Merle - that strange little mustelid female... And her best friend. Her father had brought her home with him, apparently, and she intended to be his mate. She was as tiny as a Little One, yet so completely different. She was brave and playful and happy and so full of life that simply being around her and playing a game made Johm'rouh forget all about her troubles, and the strange world she now found herself in. Yet, she was also so very, very wise - she and Lady C'dera'ap'Vhross had worked very hard with her to teach her the things her mother would have taught her, had she lived and the world not been transformed into a dreamland. And, between studying sessions to catch up on her schooling that were sometimes so hard Johm'rouh thought she might burst into tears, Merle would play with her.

The musties knew so many games, it was hard to imagine that they did anything else but play, really. Nim and Checkers and Boffin and Charades and Jump-rope and a hundred more, all fun. Yet, they did do things other than play. Merle's Time-eater, that funny little thing which rang a bell and went -POP- and was so much fun to play with, was more than just a toy - it was a steam engine, an ancient and magical thing from the legends of the mus, come to life. The Little One, Tinker, destroyed it in a fit of pique, but then Var the Blacksmith fixed it and it was ever so much fun to play with again. And more, he learned how to make many steam-powered things from it. Hammers and presses and drills and water-pumps and so many other different things that Johm'rouh's mind boggled at it all, each powered by a belt that came from a power-shaft turned by a steam-engine. The belts were dangerous - one could catch a finger or a tailtip in them, and come to grief - so they were all covered with a funny little cage that kept you safe from it. And at the heart of it all was Merle, Johm'rouh's special little friend, helping her, teaching her, playing with her, and making all the sad thoughts for what Johm'rouh had lost on that strange day the world exploded so much better.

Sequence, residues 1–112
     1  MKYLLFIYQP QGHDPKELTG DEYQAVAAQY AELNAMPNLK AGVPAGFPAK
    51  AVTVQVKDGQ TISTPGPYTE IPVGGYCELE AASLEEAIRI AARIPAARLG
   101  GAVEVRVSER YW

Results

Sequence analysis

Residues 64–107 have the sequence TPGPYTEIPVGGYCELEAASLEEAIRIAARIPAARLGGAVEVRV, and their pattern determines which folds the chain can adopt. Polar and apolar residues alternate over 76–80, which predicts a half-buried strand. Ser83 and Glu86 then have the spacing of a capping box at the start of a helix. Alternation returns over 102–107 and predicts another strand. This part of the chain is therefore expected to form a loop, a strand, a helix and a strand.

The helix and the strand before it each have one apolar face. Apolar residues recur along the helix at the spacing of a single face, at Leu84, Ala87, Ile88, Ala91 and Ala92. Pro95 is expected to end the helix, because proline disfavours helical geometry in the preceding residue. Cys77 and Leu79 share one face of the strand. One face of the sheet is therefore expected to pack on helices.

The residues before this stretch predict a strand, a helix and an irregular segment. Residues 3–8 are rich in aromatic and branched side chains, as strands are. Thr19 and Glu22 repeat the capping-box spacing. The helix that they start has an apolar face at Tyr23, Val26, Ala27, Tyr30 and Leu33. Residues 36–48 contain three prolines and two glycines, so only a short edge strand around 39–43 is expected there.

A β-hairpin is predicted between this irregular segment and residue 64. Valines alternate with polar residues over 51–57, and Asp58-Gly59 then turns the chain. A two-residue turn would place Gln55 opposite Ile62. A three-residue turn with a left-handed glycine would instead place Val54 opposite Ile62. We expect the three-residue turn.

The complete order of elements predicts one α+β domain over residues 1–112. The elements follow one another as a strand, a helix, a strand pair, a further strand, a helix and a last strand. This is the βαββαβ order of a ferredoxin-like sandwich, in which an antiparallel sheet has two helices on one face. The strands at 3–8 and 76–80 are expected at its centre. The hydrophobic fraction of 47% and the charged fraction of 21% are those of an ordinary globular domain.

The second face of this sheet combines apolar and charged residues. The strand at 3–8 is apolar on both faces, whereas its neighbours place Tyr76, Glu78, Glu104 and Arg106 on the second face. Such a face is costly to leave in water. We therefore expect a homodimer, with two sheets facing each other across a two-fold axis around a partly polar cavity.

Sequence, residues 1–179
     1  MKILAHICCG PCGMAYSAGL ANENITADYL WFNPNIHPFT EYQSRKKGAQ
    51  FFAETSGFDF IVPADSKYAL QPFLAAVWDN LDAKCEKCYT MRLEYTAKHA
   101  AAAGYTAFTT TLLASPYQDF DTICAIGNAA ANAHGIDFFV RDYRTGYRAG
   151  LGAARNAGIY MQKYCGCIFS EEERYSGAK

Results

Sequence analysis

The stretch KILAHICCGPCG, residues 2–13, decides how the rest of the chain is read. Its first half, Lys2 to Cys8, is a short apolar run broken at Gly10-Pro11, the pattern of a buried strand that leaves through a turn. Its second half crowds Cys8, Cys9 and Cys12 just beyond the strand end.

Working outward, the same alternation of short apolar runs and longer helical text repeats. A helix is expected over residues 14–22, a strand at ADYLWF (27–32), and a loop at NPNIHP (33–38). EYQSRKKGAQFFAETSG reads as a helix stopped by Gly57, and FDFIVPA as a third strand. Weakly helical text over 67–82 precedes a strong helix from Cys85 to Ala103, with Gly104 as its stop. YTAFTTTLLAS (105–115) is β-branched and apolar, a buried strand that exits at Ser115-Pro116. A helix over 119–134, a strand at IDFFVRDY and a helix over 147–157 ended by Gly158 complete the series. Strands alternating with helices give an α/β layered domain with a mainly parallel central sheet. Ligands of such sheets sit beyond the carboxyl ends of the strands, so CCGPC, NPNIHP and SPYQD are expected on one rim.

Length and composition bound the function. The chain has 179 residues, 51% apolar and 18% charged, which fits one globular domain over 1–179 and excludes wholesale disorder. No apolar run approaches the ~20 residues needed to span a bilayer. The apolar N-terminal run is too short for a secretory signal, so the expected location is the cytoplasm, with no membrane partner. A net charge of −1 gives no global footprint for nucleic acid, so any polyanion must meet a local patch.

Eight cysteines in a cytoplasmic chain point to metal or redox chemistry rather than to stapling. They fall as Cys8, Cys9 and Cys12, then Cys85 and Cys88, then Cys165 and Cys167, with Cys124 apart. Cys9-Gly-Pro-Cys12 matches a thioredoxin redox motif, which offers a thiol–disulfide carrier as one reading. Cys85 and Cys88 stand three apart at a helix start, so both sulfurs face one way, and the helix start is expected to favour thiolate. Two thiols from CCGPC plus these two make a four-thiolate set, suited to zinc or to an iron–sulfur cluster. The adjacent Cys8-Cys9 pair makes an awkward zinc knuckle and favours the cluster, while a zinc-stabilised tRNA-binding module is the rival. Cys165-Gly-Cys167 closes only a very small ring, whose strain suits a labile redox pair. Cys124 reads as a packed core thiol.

But, now all that was ended.